Former Work and Pensions Secretary Iain Duncan Smith – known as IDS the architect of the controversial universal credit reforms that prof Alston highlighted in his report has been given a knighthood in the New Year honours list.
Iain Duncan Smith, whose controversial welfare shake-up has been blamed for pushing thousands of people into poverty, is among several political figures celebrated for their apparent contribution to public life.
The Chingford and Woodford Green MP is undeniably a huge political figure, having led the Conservative Party from 2001 to 2003 and acted as chairman for Boris Johnson’s successful 2019 leadership campaign. None of this is deserving of a knighthood and only adds to the continued cronyism of such honours.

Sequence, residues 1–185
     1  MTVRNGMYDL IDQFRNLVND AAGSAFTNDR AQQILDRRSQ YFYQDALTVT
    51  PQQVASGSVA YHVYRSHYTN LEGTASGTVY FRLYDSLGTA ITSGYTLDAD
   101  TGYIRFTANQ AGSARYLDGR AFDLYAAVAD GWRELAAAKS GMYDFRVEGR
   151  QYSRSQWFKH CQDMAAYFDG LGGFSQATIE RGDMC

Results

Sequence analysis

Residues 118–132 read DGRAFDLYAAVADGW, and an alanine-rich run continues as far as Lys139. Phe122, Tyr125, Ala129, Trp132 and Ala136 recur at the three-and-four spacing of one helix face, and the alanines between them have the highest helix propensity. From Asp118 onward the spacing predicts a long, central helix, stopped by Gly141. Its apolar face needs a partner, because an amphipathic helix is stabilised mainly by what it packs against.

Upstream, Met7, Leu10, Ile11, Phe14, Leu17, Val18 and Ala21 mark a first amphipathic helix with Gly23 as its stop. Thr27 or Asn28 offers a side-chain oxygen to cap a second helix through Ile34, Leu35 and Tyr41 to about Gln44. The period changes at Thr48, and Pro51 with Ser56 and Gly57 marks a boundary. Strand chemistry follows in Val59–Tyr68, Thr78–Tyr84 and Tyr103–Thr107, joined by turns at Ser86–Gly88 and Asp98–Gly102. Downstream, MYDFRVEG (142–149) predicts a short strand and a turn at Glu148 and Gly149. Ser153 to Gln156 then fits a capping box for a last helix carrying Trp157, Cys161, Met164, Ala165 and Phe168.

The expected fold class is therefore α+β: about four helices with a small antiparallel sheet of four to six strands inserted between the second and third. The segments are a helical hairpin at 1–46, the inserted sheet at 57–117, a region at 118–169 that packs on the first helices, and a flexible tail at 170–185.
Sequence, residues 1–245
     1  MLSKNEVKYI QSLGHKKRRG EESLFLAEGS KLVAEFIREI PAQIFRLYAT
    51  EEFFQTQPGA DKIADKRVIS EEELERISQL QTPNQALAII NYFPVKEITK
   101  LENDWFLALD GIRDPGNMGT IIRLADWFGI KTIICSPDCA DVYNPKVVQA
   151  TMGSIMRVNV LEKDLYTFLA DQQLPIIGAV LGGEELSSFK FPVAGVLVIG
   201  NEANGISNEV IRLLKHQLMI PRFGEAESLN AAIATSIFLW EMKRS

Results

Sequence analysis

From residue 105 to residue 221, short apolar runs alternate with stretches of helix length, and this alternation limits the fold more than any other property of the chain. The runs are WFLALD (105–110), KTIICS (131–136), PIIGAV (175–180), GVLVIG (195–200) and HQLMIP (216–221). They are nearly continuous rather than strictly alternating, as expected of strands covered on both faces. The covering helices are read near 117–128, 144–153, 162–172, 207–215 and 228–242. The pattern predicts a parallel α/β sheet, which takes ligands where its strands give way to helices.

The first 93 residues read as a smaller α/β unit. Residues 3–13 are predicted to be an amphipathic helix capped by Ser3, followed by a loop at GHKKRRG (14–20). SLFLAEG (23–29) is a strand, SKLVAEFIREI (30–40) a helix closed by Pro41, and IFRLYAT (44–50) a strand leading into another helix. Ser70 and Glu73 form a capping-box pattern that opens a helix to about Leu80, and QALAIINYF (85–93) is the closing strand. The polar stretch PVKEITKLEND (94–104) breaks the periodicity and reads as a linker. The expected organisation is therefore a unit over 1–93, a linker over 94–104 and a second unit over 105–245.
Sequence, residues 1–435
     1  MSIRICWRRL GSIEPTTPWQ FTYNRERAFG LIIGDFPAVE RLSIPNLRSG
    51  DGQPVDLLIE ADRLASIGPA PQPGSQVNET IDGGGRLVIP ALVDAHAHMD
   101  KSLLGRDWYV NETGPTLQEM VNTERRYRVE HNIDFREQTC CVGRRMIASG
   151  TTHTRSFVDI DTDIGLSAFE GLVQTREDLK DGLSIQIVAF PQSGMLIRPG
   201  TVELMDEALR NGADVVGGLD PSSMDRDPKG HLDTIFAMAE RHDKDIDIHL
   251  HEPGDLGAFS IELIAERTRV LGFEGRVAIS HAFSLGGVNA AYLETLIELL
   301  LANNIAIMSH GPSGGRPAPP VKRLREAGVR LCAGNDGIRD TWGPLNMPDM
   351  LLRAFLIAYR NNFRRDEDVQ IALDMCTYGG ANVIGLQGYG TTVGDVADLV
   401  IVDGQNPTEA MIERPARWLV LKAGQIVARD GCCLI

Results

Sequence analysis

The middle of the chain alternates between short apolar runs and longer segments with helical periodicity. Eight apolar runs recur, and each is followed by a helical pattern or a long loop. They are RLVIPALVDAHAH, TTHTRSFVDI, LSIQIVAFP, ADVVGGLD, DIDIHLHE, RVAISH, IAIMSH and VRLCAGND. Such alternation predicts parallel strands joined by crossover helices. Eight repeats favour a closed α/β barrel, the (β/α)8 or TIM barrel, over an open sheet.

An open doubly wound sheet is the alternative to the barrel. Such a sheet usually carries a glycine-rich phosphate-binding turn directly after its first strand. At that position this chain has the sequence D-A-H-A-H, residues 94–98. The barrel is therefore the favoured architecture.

The decision to knight the former Conservative minister has sparked fury amongst the working class, images of Iain Duncan Smith laughing during a Bedroom Tax debate and shedding ‘crocodile tears’ online are still fresh in many people’s minds. He is responsible for “some of the cruellest most extreme welfare reforms this country has ever seen”
His ennoblement sparked anger from critics who said it “beggars belief” that he had been given an honour while his reforms had left thousands of families struggling to pay their bills.
The UK became the first ever country to face a United Nations inquiry into human rights abuses against disabled people and that the “suffering and impoverishment” seen in the UK today are a “direct result of the welfare reforms Iain Duncan Smith implemented has Work and Pensions Secretary”.
Iain Duncan Smith once claimed he could live on £53 after he was asked about a market trader, David Bennett, who claimed that he had to live on that amount after his housing benefit was cut. “If I had to, I would,” Duncan Smith replied.